Highly Sensitive People: Do You Have A Motivational Problem?

Highly Sensitive People: Do You Have A Motivational Problem?

It happens to us all. One day we’re motivated, and the next day we’re not. You may have been filled with enthusiasm when a project began or when you wanted to start something new. Then you ran into some obstacles, or things ended up being way harder than expected. All that upsurge of energy inevitably wanes, as dreams morph into reality, and you lose your confidence and momentum. We’ve all experienced this type of frustration and disappointment, and it can cause us to give up prematurely. 

I’m guilty of this. I always seem to have a string of unfinished projects or get frustrated when I want to do something. I love the start of something new, but as time passes, I can get distracted. Sometimes, a new project enters my mind and tempts me like a bright, shiny object. Other times, I hit a challenge that I don’t feel like dealing with, so I procrastinate. Or maybe I let other priorities get in the way or just make excuses for not moving forward. Can anyone relate to this?

Staying motivated isn’t easy, but it can be done! Below are some tips for staying on track.

  • Clearly visualize your goal and expect success. Be very specific about what you want to accomplish and see yourself succeeding. See it, feel it, smell it, and taste it! Don’t focus on your fears but on what you can do to overcome them. Focus on the benefits you’ll achieve when you reach your goal.
  • Take a big goal and break it down into smaller achievements. Be realistic with your goals. Goals that are unreachable can cause your motivation to dwindle. Small goals that are achieved lead to increased motivation. Don’t overwhelm yourself!
  • Have a concrete plan, including deadlines. Make a detailed, to-do list, and include a time element. Mark off each item once it’s accomplished. This will give you a feeling of satisfaction.
  • Plan for future, but stay in the present. Don’t waste time by worrying about every single thing that could go wrong in the future. Focus on what you can accomplish today and get to work. Too much pontificating can slow your momentum.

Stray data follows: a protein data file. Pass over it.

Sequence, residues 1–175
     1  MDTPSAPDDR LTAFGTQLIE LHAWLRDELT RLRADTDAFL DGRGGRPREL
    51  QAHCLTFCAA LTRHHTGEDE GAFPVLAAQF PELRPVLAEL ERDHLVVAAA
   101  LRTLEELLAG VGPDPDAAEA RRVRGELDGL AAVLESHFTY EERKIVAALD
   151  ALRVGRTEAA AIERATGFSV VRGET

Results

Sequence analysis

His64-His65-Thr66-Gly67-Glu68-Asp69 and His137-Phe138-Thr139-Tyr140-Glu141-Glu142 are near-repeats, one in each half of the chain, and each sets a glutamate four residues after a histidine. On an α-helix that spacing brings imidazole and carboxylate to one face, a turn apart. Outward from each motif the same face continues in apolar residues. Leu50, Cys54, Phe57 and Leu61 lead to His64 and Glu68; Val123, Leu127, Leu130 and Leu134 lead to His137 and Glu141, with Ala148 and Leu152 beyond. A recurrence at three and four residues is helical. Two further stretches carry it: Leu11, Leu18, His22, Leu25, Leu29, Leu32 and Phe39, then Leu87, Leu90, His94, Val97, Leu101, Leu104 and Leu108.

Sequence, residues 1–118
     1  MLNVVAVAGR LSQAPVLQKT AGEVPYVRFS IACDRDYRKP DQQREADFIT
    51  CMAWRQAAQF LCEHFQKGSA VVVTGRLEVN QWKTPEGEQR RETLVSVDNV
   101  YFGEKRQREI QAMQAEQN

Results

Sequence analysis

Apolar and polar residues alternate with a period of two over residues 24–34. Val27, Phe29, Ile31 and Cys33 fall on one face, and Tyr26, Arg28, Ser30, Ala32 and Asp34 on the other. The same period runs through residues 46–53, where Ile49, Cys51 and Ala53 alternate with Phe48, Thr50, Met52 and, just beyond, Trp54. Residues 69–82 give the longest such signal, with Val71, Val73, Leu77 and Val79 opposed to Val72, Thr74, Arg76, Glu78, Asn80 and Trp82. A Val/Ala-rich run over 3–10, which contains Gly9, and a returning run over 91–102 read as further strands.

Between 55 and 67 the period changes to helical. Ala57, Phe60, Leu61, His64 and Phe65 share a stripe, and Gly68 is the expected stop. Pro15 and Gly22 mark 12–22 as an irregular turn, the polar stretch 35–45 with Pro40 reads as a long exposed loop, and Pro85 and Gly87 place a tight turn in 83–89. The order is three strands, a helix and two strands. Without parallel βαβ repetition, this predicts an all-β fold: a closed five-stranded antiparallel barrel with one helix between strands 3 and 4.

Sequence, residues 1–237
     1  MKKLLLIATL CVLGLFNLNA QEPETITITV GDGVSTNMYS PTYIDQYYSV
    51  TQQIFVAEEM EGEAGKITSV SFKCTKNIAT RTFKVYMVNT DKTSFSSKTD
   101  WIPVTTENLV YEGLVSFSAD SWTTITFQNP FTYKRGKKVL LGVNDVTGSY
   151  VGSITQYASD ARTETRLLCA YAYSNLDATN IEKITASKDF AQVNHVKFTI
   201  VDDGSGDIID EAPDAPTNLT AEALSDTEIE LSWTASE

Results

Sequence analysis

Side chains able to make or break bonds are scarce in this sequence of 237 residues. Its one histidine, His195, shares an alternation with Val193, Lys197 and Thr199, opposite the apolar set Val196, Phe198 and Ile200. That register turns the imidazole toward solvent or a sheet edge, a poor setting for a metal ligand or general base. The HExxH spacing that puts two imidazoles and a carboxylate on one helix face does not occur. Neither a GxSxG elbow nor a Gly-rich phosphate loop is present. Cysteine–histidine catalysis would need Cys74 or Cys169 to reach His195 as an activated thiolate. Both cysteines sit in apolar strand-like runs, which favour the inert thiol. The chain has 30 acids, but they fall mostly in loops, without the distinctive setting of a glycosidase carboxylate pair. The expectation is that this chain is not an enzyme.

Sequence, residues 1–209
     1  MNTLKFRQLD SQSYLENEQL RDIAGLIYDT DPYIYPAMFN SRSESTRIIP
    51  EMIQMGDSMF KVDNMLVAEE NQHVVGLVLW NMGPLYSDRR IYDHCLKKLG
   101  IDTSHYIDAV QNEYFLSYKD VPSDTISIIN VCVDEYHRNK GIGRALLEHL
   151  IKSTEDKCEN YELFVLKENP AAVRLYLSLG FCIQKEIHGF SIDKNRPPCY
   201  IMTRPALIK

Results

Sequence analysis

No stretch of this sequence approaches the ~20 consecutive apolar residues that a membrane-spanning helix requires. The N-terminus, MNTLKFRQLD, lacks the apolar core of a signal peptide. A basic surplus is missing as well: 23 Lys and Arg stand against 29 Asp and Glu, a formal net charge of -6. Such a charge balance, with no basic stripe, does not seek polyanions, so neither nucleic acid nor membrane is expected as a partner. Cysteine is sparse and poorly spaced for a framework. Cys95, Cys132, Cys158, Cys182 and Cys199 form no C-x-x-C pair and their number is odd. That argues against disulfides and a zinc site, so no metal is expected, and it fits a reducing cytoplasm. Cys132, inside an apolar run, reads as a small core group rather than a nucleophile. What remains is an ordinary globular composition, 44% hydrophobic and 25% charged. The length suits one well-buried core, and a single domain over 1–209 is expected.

• Check your perfectionism at the door. As they say, don’t let “perfect” become the enemy of “good enough.” It’s very easy to get off track if you spend too much time trying to make everything 100% perfect. While it’s important to do a good job, you don’t want to get caught in an endless loop of revision that keeps you from moving forward.
  • Don’t be surprised or depressed about a loss of motivation. Look at it as an opportunity to step back and analyze what you’re doing wrong and right. Discover your faults and correct them. When you re-evaluate your plans and goals from a fresh perspective, you’ll feel a new surge of enthusiasm and motivation.
  • Consider starting a Success Team. A Success Team is a group of like-minded people who agree to meet on a regular basis with the goal of keeping each other motivated. I have participated in success teams, and they really can help, especially if you’re working on a solo project. Having to report on your progress to the team will give you a sense of accountability. If you have a health challenge, you might consider joining a support group.

Do you have trouble staying motivated? Do you have lots of unfinished projects? What roadblocks get in your way? Do you overwhelm yourself by having too many interests and wanting to do too many things? Are good at planning? I’m interested in any thoughts or comments that you have.

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